Tropical Geography

   

Storm and Flood Prediction and Progress in Parameter Synthesis Research in Small and Medium-Sized Watersheds

Lingling Zhao1,2(), Changming Liu2,3, Ziyin Wang1,4(), Xinhui Zhang1,4, Xing Yang5   

  1. 1.Guangzhou Institute of Geography, Guangdong Academy of Sciences, Guangzhou 510070, China
    2.Institute of Geographic Sciences and Natural Resources Research, CAS, Beijing 100101, China
    3.College of Water Sciences, Beijing Normal University, Beijing 100875, China
    4.College of Water Resources and Architectural Engineering, Northwest A&F University, Yangling 712100, China
    5.Anhui Traffic Survey and Design Institute Co. LTD, Hefei 230000, China
  • Received:2023-02-13 Revised:2023-03-10 Online:2023-10-31
  • Contact: Ziyin Wang E-mail:linglingzhao@foxmail.com;2021055825@nwafu.edu.cn

Abstract:

The prediction of rainstorms and floods in small and medium-sized watersheds, as well as the synthesis of related parameters, plays a pivotal role in preventing flood disasters. Environmental changes have led to an increase in hydrological extremes such as rainstorms and floods, presenting unprecedented challenges for small and medium-sized river basins. In this review, we systematically categorize, and summarize the processes involved in predicting rainstorms and floods in these watersheds, along with advancements in correlated parameter synthesis research. Furthermore, we analyze and discuss the most commonly employed runoff and confluence estimation methods and their associated parameters in practical applications, as well as their limitations. First, we establish the concept of small- and medium-sized watersheds across various academic disciplines. From a hydrological perspective, these watersheds typically exhibit slope confluence and have relatively small catchment areas. In terms of eco-hydrology, the ecological water demand of the basin must be calculated based on the different communities occupying the river basin and divided by area according to the ecological samples from each district after the investigation. Thereafter, we summarized the methods and types of runoff calculation and parameter synthesis in small- and medium-sized basins, and the methods and principles of runoff analysis, such as rainfall–runoff correlation diagram, infiltration curve method, deduction method, runoff coefficient method, and hydrological model method as well as the methods of parameter synthesis, such as rainfall-runoff correlation diagrams and loss methods are introduced. Second, we summarize and discuss the assessment of confluence and its associated parameters in small- and medium-sized river basins. This encompasses background information and various calculation methods, such as the instantaneous unit line, comprehensive unit line, inference formula method, and empirical formula method. We also examine how the three major elements of parameter synthesis convergence influence confluence parameters. We emphasize that combining radar rainfall measurements, high-resolution remote sensing, high-performance computing, and deep learning can facilitate research on simulating and forecasting rainstorms and flood processes in small- and medium-sized basins. However, a significant portion of these basins lacks data, limiting the application of simulation and flood forecasting. To address this, integration with geographical parameters specific to small- and medium-sized basins is necessary to enhance regional reliability and forecasting accuracy. Additionally, when applying deep learning to simulate basins with limited or no data, the significance of parameter synthesis becomes even more pronounced. Finally, we discuss the problems and challenges associated with storm flood calculations and parameter synthesis methods in small- and medium-sized basins and offer predictions regarding future research and technical developments. We recommend strengthening the use of emerging technologies for watershed runoff and runoff parameter calculations and advocate for their application in storm flood design.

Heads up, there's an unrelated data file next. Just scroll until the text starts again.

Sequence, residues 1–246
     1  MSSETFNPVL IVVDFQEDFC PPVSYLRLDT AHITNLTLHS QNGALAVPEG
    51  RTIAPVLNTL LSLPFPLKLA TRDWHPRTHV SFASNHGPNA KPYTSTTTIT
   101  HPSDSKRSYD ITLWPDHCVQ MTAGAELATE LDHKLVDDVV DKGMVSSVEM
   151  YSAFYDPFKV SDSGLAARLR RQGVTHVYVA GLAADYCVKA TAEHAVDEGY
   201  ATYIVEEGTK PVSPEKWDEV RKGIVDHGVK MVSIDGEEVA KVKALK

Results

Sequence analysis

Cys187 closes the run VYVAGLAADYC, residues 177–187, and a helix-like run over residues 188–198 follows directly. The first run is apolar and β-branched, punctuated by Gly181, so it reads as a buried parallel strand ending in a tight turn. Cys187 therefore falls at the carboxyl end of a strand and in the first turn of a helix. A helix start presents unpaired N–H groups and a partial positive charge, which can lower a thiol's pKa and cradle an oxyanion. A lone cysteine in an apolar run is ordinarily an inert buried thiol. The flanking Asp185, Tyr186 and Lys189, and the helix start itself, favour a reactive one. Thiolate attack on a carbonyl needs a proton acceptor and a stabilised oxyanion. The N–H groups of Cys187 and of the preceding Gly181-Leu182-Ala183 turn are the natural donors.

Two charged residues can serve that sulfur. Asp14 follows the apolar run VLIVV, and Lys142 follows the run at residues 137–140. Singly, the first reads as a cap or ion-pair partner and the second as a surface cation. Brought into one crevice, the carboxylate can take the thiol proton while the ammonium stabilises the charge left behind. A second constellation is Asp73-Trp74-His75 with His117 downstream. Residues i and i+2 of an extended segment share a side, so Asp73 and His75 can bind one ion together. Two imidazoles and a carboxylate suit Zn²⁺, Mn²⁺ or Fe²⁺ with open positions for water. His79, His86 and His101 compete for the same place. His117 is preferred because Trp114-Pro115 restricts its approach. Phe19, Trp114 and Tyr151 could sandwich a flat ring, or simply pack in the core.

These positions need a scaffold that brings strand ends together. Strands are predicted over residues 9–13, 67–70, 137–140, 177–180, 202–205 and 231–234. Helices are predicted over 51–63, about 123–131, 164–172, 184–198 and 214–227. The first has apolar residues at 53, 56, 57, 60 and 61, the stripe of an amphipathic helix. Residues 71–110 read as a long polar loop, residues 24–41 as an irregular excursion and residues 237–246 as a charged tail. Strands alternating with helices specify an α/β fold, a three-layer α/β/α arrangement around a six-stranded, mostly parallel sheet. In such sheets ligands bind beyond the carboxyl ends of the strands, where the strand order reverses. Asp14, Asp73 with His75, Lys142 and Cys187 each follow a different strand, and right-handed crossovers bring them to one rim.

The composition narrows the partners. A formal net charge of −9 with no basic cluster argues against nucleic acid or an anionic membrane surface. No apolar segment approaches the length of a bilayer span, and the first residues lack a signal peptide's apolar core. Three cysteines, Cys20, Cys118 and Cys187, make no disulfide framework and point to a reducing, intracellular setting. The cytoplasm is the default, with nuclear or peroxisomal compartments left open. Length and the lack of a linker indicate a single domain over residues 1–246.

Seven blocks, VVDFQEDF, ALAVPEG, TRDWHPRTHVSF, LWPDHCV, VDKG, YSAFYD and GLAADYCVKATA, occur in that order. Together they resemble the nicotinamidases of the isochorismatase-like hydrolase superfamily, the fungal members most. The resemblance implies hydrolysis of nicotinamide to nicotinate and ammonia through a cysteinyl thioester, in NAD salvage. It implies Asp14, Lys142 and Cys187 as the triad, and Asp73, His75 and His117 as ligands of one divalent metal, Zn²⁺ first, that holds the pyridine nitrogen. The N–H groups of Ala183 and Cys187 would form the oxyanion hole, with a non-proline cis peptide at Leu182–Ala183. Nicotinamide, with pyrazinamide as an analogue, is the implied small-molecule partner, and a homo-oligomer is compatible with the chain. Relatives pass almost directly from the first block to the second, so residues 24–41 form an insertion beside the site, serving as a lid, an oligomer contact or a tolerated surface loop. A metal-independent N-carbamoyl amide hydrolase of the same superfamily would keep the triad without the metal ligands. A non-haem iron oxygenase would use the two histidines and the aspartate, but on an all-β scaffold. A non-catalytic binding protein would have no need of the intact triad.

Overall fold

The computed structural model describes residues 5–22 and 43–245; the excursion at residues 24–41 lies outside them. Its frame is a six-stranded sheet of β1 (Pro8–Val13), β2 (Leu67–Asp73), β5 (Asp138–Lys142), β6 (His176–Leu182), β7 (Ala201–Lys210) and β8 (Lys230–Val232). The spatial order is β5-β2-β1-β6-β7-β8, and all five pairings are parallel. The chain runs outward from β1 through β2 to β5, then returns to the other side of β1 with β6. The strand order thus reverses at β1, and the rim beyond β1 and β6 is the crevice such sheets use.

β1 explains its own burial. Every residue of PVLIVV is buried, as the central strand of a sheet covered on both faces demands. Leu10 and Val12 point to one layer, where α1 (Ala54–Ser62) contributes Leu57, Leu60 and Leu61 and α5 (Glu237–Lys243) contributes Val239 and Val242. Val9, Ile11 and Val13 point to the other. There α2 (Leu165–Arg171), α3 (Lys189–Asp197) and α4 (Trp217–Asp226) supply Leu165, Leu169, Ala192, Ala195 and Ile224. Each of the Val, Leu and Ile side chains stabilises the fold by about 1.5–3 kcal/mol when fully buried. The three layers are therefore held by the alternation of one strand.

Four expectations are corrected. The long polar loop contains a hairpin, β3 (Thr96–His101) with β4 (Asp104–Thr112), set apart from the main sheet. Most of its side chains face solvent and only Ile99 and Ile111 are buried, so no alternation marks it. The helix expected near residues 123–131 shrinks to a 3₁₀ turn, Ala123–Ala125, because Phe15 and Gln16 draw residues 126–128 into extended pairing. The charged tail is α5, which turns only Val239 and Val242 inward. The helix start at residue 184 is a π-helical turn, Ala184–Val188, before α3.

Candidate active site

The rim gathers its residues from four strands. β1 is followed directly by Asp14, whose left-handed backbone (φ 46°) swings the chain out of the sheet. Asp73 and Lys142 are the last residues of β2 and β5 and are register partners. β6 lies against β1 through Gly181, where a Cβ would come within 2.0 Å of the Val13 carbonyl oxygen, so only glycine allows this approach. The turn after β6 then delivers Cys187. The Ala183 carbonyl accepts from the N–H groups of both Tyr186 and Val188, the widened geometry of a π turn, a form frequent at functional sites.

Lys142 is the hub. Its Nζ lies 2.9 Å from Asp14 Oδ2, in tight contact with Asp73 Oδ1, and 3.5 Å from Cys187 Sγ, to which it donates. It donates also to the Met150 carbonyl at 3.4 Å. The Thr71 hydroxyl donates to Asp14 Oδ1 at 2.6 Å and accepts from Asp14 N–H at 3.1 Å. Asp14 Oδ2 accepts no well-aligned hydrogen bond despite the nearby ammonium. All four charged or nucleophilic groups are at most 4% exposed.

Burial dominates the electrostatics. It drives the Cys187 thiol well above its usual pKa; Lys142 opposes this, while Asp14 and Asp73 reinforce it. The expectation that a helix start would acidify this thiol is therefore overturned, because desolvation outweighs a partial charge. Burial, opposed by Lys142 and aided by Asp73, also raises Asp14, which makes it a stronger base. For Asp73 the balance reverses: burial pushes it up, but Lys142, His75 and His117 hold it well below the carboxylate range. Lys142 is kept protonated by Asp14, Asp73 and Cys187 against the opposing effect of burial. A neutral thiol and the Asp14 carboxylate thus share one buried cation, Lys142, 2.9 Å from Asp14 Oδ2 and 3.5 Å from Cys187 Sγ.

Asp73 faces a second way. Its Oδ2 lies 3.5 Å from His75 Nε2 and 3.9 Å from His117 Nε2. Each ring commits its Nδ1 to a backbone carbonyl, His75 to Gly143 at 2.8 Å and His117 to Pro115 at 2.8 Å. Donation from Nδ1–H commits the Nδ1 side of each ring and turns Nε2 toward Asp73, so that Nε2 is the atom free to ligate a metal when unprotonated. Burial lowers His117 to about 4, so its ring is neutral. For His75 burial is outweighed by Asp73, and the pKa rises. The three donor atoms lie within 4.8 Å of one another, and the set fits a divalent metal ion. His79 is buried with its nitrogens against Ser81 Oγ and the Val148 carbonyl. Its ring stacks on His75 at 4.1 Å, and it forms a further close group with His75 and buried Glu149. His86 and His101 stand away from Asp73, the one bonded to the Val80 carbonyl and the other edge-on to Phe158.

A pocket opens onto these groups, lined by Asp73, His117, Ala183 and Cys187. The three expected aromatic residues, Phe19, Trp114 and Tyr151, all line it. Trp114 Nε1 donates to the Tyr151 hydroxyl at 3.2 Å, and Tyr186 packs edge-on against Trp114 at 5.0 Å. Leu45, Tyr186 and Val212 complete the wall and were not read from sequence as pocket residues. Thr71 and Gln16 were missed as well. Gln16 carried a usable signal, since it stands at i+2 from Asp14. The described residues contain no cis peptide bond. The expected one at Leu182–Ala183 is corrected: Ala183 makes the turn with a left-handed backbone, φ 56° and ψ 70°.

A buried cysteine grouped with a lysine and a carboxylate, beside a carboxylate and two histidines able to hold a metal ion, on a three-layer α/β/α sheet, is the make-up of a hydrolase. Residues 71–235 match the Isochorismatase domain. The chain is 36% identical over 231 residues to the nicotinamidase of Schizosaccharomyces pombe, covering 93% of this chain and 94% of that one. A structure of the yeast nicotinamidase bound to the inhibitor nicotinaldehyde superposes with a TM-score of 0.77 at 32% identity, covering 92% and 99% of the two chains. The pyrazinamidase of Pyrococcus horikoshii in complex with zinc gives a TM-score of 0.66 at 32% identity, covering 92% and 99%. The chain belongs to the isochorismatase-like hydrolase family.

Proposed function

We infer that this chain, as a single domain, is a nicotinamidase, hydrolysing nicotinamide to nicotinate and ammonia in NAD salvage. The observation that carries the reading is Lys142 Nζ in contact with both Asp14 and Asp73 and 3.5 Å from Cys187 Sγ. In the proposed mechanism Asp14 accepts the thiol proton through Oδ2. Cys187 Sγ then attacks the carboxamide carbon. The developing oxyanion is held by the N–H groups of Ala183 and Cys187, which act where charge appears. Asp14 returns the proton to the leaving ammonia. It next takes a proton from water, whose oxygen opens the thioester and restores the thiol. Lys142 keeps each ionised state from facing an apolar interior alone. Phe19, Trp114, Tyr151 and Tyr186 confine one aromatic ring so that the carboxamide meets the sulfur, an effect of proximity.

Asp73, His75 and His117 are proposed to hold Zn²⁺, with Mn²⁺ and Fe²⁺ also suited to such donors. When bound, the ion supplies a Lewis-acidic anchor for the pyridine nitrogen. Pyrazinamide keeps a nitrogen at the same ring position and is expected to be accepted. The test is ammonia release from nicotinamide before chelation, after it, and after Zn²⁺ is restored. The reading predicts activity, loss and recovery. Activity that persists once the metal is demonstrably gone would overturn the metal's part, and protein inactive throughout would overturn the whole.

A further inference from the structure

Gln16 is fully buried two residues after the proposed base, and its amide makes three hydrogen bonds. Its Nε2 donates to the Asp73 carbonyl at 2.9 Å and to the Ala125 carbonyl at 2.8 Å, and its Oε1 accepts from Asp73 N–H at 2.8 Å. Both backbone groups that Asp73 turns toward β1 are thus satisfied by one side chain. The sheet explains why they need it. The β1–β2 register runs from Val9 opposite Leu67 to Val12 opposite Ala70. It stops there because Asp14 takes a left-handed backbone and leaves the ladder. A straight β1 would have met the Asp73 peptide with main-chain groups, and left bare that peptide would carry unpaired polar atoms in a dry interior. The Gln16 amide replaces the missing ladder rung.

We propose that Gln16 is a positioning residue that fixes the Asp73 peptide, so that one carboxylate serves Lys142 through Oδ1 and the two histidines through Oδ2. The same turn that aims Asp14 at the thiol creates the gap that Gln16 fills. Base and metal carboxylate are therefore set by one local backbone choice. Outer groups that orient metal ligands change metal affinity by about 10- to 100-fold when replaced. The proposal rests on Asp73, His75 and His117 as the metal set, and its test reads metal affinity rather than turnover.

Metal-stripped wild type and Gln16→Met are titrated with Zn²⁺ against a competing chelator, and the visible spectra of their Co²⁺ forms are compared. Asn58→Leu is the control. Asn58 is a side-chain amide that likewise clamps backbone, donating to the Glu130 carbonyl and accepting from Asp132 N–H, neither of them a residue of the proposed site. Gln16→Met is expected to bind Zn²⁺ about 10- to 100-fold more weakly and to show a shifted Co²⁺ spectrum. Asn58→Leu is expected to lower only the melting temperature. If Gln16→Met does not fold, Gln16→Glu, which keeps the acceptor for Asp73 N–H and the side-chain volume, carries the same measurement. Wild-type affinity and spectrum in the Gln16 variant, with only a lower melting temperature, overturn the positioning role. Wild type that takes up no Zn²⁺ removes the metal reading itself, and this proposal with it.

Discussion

Key words: rainstorms, floods, watershed runoff caculation, parameter synthesis, simulation forecast, small- and medium-sized watersheds

CLC Number: 

  • TV122+.1